ESPN College Football on ABC


ESPN College Football on ABC
College Football on ABC
Genre Sports
Starring Sean McDonough
Matt Millen
Heather Cox
Mike Patrick
Craig James
Quint Kessenich
Ron Franklin
Ed Cunningham
Jeannine Edwards
Carter Blackburn
Brock Huard
Mike Belotti
Shelly Smith
Beth Mowins
Ray Bentley
Jenn Brown
Mark Neely
JC Pearson
John Saunders
Jesse Palmer
Robert Flores
Chris Fowler
Kirk Herbstreit
Desmond Howard
Country of origin  United States
No. of seasons 46
Production
Running time 210 minutes+
Broadcast
Original channel ABC
Picture format 720p (HDTV)
Original run 1950
1966 – present

ESPN College Football on ABC presented by Buffalo Wild Wings is a presentation of the American Broadcasting Company's (ABC) regular season American college football television package (separate from Saturday Night Football). The television network (which broadcast regular season college football in 1950 and has every year since 1966) broadcasts games of all the major conferences of Division I-A National Collegiate Athletic Association (NCAA) football except the Southeastern Conference.

Contents

Past history

1950, 1966–1997

ABC has historically aired the premiere games since it has had all major conference contracts at one time or another. Keith Jackson with his down-home, folsky style symbolized college football has served as its unofficial voice.

By 1950, a small number of prominent football schools, including the University of Pennsylvania (ABC) and the University of Notre Dame (DuMont Television Network) had entered into individual contracts with networks to broadcast their games regionally. In fact, all of Penn's home games were broadcast on ABC during the 1950 season under a contract that paid Penn $150,000. However, prior to the 1951 season, the NCAA – alarmed by reports that indicated television decreased attendance at games – asserted control and prohibited live broadcasts of games. Although the NCAA successfully forced Penn and Notre Dame to break their contracts, the NCAA suffered withering attacks for its 1951 policy, faced threats of antitrust hearings and eventually caved in and lifted blackouts of certain sold-out games. Bowl games were always outside the control of the NCAA, and the 1952 Rose Bowl at the end of that season was the first truly national telecast of a college football game, on NBC.[1]

For the 1952 season, the NCAA relented somewhat, but limited telecasts to one nationally-broadcast game each week. The NCAA sold the exclusive rights to broadcast the weekly game to NBC for $1,144,000. The first game shown under this contract was Texas Christian University against the University of Kansas, on September 20, 1952.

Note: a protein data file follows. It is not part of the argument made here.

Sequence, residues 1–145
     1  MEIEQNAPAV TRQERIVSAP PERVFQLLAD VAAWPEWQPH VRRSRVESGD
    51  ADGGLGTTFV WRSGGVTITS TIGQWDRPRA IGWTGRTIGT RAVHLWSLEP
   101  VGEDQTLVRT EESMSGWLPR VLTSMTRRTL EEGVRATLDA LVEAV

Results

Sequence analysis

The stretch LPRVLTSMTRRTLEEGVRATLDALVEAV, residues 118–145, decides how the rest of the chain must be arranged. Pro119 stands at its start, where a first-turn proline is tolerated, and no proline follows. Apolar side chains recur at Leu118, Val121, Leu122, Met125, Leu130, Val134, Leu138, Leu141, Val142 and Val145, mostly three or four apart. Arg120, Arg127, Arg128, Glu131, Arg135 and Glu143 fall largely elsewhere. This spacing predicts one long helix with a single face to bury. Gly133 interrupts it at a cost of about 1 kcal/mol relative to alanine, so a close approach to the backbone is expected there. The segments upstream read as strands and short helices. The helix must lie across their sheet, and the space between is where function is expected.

The NCAA believed that broadcasting one game a week would prevent further controversy while limiting any decrease in attendance. However, the Big Ten Conference was unhappy with the arrangement, and it pressured the NCAA to allow regional telecasts as well. Finally, in 1955 the NCAA revised its plan, keeping eight national games while permitting regional telecasts during five specified weeks of the season. ABC won the contract under this arrangement for the 1966 season onwards. This was essentially the television plan that stayed in place until the University of Oklahoma and the University of Georgia filed suit against the NCAA in 1981, alleging antitrust violations.

In 1997, ABC began using the fixed scoreboard on its broadcasts.[2]

1998–2005

ABC was awarded the first exclusive BCS contract beginning in 1999, however they lost rights to games other than the Rose Bowl after the 2005–06 season. However, the Rose Bowl contract ran until 2010.

Keith Jackson, who was supposed to retire after the 1999 season, stayed in until 2005, in which he announced games televised primarily from the west coast, where he is based. His last broadcast was the 2006 Rose Bowl.

In 2000, with Jackson cutting back his schedule, ABC began the year with the Jackson and Bob Griese team intact, albeit not as the lead one to handling almost exclusively Pac-10 action; Brent Musburger and Dan Fouts returning as was the long-time tandem of Brad Nessler and Gary Danielson. These assignments were not permanent and many different combinations were used[3] ABC locked their broadcasters teams in mid-season. Jackson was teamed with Fouts, Musburger was paired with Danielson, and Nessler with Bob Griese. [4]

Prior to the addition of the 12th game on a permanent basis in 2002, ABC aired pre-season classics including the Kickoff Classic and Pigskin Classic.[5]

In the 2005 season, ABC aired 77 games in 36 windows including the National Championship.[6]

2006–present

In recent years, there have been 2 set game windows in a typical week. Most Saturdays, there are regional games at 3:30 p.m. ET. Beginning with the 2006 season, ABC started regularly showing games at night under the Saturday Night Football umbrella, and noon-time games are telecast on an occasional basis. This marked a departure from 7 p.m. west-coast-only games and occasional 8 p.m. games. Also, the recently-developed BCS spotlight game was essentially replaced by Saturday Night Football.

The 2006 season was marked by a lot of reshuffling in addition to Jackson, as Lynn Swann left for a failed political run, Aaron Taylor left to pursue a career change, and Gary Danielson went to CBS to cover SEC action. As a result Dan Fouts began calling play-by-play.[7]